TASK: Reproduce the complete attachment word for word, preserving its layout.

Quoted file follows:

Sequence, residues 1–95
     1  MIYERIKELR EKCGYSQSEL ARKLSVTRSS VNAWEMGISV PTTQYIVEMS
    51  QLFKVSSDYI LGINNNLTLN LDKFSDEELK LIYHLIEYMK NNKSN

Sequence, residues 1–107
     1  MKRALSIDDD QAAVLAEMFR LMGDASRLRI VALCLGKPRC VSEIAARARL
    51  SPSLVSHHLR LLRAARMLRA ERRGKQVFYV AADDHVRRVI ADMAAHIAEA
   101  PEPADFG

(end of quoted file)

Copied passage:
Sequence, residues 1–95
     1  MIYERIKELR EKCGYSQSEL ARKLSVTRSS VNAWEMGISV PTTQYIVEMS
    51  QLFKVSSDYI LGINNNLTLN LDKFSDEELK LIYHLIEYMK NNKSN

Sequence, residues 1–107
     1  MKRALSIDDD QAAVLAEMFR LMGDASRLRI VALCLGKPRC VSEIAARARL
    51  SPSLVSHHLR LLRAARMLRA ERRGKQVFYV AADDHVRRVI ADMAAHIAEA
   101  PEPADFG